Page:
Example: FS3 is also geared toward storytelling. It gets criticized because chargen is subject to the whims of the approval staff and can be min-maxed. Those same problems are magnified like 1000x when you not only are debating whether Joe Viper Pilot should have "Good" or "Great" in Piloting, but also debating what sorts of aspects and stunts he has.


  • Coder

    @faraday said in Adapting FATE for MU*s:

    @Thenomain said in Adapting FATE for MU*s:

    I think the takeaway here is that the more a game system is geared toward storytelling, the harder it will be to adapt to Mu*.

    That seems like a particularly ironic statement for a hobby build around storytelling :)

    Except that it's not a hobby built around storytelling. It's built upon minis-based war-games and Colossal Cave Adventure. We've brought storytelling to it because there were people interested in the medium but not the proto-MMO nature of Muds. I'd say that the modern day Mush came from the Socials of the early- to mid-90s.

    Even high-tactical RPGs like D&D have pains converting to to the medium of Mu*, so...no, not ironic. I mean, it was worth a grin, but I'm going to kindly say: Yeah, no.

    I would say it's more about subjectivity than storytelling, but they're definitely related. The more subjective a system is, the harder it's going to be to achieve consensus and balance among strangers.

    Okay. We're talking about the same things in different terms.

    Example: FS3 is also geared toward storytelling. It gets criticized because chargen is subject to the whims of the approval staff and can be min-maxed.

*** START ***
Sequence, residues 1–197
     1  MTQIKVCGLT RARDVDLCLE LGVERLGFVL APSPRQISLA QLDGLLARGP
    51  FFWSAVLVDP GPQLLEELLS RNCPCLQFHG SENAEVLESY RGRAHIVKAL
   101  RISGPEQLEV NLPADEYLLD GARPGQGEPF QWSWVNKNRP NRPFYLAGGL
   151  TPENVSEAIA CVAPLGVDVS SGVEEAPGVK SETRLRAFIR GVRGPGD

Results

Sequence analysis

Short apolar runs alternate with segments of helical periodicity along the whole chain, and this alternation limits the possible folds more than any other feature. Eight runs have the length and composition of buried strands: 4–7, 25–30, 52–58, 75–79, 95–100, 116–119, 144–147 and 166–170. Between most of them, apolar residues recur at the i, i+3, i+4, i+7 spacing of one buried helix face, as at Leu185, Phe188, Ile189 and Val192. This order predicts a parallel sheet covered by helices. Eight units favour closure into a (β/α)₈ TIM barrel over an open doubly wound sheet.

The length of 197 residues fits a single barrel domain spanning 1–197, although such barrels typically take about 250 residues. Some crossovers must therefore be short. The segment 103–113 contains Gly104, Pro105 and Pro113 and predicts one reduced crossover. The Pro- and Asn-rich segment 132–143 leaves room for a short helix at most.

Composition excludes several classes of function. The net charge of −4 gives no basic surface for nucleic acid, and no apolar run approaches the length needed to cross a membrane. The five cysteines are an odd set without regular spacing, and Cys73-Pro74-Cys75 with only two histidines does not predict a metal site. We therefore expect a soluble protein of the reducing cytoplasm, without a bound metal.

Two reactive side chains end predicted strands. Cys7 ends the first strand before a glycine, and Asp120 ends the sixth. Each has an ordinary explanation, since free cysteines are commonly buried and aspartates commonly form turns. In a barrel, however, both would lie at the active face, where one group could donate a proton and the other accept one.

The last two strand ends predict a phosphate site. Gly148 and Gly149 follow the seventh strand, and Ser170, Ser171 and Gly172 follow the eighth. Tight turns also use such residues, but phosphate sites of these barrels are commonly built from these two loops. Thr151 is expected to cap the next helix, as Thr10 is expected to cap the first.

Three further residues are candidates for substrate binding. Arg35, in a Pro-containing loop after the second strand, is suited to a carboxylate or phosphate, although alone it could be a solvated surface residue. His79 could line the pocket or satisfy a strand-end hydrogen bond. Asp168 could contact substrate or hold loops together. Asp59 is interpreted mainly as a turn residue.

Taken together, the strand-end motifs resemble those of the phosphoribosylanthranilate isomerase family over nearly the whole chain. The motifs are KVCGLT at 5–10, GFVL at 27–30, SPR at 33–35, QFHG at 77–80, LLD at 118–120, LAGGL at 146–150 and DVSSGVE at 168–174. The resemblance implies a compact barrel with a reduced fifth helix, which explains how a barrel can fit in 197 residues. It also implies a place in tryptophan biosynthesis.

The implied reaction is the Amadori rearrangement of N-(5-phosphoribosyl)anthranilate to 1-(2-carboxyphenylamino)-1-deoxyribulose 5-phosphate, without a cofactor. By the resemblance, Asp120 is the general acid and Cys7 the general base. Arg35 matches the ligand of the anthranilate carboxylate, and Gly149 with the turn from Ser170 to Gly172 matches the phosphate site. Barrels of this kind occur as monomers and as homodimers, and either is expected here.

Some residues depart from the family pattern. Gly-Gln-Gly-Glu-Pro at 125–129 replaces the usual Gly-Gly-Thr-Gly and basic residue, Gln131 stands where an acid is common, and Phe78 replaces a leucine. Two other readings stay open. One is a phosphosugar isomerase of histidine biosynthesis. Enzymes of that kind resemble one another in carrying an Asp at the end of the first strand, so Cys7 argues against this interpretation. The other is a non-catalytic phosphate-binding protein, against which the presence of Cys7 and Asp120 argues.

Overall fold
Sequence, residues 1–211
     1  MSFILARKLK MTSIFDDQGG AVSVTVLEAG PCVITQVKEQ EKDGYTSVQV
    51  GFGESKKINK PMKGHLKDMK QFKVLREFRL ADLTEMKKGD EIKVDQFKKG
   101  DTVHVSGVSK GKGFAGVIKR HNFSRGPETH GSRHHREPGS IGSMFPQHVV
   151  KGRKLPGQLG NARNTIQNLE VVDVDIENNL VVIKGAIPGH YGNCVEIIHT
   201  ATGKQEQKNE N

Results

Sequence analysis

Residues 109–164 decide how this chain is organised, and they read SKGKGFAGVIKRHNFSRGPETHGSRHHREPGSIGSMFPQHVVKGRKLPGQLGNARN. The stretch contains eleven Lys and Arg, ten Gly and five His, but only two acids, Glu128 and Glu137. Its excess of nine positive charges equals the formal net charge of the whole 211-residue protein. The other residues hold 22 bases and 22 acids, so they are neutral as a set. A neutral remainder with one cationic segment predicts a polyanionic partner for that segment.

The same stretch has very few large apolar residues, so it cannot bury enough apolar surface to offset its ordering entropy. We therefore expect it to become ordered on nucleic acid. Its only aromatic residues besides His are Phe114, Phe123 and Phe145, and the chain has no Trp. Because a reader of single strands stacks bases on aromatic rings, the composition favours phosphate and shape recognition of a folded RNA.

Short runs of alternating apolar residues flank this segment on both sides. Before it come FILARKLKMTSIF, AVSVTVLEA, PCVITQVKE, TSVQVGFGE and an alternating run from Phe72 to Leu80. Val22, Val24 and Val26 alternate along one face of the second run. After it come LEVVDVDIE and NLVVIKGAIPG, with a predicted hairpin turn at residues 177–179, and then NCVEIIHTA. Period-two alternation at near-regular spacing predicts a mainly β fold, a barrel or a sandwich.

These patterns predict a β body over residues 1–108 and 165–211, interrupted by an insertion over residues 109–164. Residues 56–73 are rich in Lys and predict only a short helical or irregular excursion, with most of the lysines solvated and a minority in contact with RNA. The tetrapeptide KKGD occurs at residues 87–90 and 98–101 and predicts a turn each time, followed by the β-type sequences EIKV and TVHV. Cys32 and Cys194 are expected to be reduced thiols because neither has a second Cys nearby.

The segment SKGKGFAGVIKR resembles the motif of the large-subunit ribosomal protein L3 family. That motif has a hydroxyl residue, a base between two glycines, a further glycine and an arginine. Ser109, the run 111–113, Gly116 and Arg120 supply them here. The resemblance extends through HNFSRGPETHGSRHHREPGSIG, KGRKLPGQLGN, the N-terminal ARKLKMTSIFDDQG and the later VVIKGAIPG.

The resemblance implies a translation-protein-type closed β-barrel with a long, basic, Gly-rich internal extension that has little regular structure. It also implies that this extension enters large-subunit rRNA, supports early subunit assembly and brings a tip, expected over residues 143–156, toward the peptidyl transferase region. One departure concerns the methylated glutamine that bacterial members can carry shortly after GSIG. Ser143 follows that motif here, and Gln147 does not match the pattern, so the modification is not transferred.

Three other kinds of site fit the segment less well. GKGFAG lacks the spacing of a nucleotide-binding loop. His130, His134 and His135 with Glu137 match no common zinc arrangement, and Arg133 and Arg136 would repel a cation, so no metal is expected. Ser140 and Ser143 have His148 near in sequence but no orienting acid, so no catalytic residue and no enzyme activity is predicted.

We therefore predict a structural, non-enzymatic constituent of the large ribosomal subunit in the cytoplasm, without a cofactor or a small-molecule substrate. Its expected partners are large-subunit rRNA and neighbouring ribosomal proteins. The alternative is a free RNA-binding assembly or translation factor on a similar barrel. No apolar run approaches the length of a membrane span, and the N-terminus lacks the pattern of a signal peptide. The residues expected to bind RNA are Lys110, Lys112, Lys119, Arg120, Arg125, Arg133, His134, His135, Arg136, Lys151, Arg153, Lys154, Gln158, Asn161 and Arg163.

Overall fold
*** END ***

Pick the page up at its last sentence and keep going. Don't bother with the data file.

WoD has similar problems, at different points. And they are drops in the water compared to the collaboration issues inherent in more storytelling-heavy games like Fate, which is what the OP is asking about.



  • FATE is not for PvP.

    It is for competent characters to show off their competence.
    It is for players to get a chance to create, embellish and/or narrate obstacles.
    It is for a single basic plane of power level.

    It is not for people who want infinite growth of characters.
    It is not for those who oppose a system telling them they have lost an argument.
    It is not for system crunch, despite having a deal of system to track.


  • Pitcrew

    Fate, or at least an adaptation of it in Dresden Files RPG , worked for several years quite well on Dark Spires.

    it is very much for collaborative story telling and NOT for PVP as @Misadventure pointed out.. and it does have the problem of power creep. There are some ways of dealing with this, some better than others.


  • TV & Movies

    Playing FATE on a MU generally degrades into just playing FUDGE on a MU.

    Its core conceits rely on empowering players to change the world on the fly (particularly using knowledge type skills to declare setting details) which is just something 99% of the neurotic, control-freak laden MU community is never going to be comfortable with. Staff is hesitant to empower junior staff/player STs to run plots with full narrative authority, how are they going to get over that and extend that authority to literally every player on the game? (and conversely, how can we expect players not to abuse it, when people frequently display the 'I don't give a fuck about your theme, I'll play what I want' attitude even on strict games?)